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From The Print Section :: Page 40

  • Children’s Center forges a new plan

    These Community Children’s Center supporters are planning a revitalization of the village’s only full-time early childhood education resource. Pictured at the center this week are, from left, administrator Samantha Seimer with Nevaeh Plambeck, board member Sarah Siff with her son, Harvey, Braden Derrickson, Ella Fodal, teacher Andrea Seigal-Hall, Evan Botkin and teacher Naomi Hyatt. (Photo by Lauren Heaton)

    The Yellow Springs Children’s Center has been under severe duress this past year, with unprecedentedly low enrollment, 18 consecutive months of deficit spending, and the prospect of depleting its cash reserves sometime in 2015.

  • Villagers hope to let solar shine for all


    Villagers who want to go solar but whose roof is shaded or who don’t own their home might soon be able to participate in a community solar project.

  • Zumba! for health of school and self

    This year’s annual Zumbathon fundraiser will take place on Saturday, Jan. 3, from 10 a.m. to noon at the Mills Lawn gym. The event will raise funds for the MLS project-based learning. Shown above is the 2011 fundraiser. (News archive photo by Megan Bachman)

    Losing weight and helping others are two common New Year’s resolutions. Area residents can get a head start on a healthy, generous 2015 by coming to a two-hour Zumba class for a good cause.

  • Mary Bullock Kidd


    Mary Bullock Kidd, of Wilberforce, passed away Oct. 13, at Green Memorial Hospital surrounded by family.

  • Village Council— Deficit spending raises concerns


    At Village Council’s Dec. 15 meeting, leaders expressed concern over the amount of deficit spending in the 2015 Village general fund budget. However, due to the need to move ahead, Council approved the final reading of the budget.

  • Working on a ‘network of peace’

    Former longtime villager and founder of the Dayton Peace Museum Fred Arment recently published “The Economics of Peace: Freedom, the Golden Rule and the Broadening of Prosperity.” The book was published by McFarland. (submitted photo)

    The world may seem full of turmoil, disharmony and injustice, but peace worker and longtime village resident Fred Arment is hopeful about the future. In fact, he sees “an epic shift” already under way. The founder and director of International Cities of Peace and a founder of the Dayton International Peace Museum, Arment has met […]

  • New director at Coretta Scott King Center— Focus on diversity, social justice

    Mila Cooper began her work in September as the new director of the Coretta Scott King Center for Intellectual Freedom on the Antioch College campus. She comes to the village after 12 years as director of community outreach at Baldwin Wallace College. (Photo by Lauren Heaton)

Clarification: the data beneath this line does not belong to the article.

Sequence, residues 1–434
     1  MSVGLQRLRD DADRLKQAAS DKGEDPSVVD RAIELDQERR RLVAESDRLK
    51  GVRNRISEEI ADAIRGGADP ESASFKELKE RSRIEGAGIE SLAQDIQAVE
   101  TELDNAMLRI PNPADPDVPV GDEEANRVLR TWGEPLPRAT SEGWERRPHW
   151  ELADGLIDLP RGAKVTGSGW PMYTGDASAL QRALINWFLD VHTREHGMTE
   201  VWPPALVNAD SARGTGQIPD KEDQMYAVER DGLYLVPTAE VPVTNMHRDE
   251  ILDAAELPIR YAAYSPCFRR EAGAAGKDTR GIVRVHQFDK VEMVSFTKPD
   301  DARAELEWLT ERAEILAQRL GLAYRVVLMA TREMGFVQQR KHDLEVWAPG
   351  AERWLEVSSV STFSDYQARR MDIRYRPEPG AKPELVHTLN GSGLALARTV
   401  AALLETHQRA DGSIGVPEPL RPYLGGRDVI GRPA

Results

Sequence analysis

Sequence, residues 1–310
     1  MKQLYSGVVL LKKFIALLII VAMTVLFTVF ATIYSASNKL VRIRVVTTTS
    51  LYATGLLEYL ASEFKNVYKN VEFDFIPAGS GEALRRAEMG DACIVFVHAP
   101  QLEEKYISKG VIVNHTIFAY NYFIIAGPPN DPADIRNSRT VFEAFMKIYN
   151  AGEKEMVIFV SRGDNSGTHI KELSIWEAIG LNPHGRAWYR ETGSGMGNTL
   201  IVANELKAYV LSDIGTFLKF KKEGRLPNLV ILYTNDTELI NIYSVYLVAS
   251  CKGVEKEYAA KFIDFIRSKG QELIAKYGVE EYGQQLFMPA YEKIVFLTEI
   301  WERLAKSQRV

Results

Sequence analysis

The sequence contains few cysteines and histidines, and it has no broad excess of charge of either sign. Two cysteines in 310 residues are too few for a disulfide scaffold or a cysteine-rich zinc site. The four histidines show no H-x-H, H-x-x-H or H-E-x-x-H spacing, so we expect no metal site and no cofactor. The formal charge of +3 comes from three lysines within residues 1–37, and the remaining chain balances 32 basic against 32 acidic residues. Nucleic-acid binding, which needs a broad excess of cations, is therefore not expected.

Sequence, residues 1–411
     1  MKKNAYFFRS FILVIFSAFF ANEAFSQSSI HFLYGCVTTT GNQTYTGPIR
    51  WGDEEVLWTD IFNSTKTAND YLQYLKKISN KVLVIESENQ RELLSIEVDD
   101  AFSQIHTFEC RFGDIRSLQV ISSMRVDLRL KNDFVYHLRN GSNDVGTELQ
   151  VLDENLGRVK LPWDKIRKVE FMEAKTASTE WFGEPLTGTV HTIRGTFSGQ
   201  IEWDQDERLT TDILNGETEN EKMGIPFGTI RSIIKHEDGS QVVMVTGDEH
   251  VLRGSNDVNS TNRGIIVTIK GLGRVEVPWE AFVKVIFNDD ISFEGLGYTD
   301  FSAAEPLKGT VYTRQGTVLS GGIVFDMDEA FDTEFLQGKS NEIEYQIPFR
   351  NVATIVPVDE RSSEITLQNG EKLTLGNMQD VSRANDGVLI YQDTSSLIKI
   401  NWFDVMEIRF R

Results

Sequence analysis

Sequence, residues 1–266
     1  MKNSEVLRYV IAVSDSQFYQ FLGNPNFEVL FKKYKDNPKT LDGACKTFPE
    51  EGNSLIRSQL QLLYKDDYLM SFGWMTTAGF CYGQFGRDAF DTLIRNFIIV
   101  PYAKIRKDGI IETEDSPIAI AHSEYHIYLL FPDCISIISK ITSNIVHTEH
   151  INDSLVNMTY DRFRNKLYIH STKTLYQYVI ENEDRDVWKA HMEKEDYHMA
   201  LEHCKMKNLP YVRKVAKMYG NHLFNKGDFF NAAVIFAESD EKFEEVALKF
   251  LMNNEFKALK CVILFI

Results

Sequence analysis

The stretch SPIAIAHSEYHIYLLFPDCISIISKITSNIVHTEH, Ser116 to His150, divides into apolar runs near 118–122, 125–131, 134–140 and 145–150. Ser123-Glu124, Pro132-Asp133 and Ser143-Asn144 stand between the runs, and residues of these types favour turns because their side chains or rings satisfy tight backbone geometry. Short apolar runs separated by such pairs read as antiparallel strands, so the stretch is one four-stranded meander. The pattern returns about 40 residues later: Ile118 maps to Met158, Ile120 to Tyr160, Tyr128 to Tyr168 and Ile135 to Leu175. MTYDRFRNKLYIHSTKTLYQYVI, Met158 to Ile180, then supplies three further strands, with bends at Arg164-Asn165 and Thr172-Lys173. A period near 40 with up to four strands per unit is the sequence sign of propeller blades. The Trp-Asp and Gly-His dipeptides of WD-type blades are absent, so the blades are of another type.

Mila Cooper was hired as the director of the Coretta Scott King Center for Intellectual Freedom at Antioch College this fall.

  • Bulldog sports round-up

    YSHS point guard Elizabeth Smith sped around a Springfield defender during her team’s 45–40 home victory last week. Smith led her team with 18 points. She is averaging nearly 20 points per game this season. (Photo by Megan Bachman)

    BASKETBALL Boys remain undefeated The YSHS boys varsity basketball team got a big win at Xenia Christian on Friday night to remain undefeated at 4–0 (1–0). The Bulldogs destroyed the Ambassadors, 68-37, thanks in part to junior guard Devon Perry’s six three-pointers. Perry finished with a game-high 18 points, followed by Kaner Butler with 17, […]

  • First college production at new theater— ‘Softcops’ is timely, provocative

    Antioch College presents “Softcops,” a surrealist look at state control and torture at the Foundry Theater at 8 p.m. Friday, Dec. 12, and Saturday, Dec. 13. It is the first faculty-directed play at the renovated theater. From left are Hannah Priscilla Craig, Cole Gentry, Sean Allen, Spencer Glazer and Alli King. (Photo by Megan Bachman)

    The purpose of theater being to hold “the mirror up to nature,” in Hamlet’s dictum, the choice for the first faculty-directed play in Antioch College’s renovated Foundry Theater is fitting.

  • Group demands justice for Crawford

    Villagers, from left, Joan Chappelle, Cheryl Smith and Bomani Moyenda, and nearly 100 others attended a demonstration at the Greene County courthouse in Xenia on Monday evening to highlight the injustice of John Crawford’s death by police shooting at the Beavercreek Walmart in August. (Photo by Lauren Heaton)

    At 4:30 p.m. on Monday afternoon, just as most workers were heading home for the day, a group of about 100 people, mostly from Yellow Springs, were just arriving for an evening protest at the Xenia courthouse.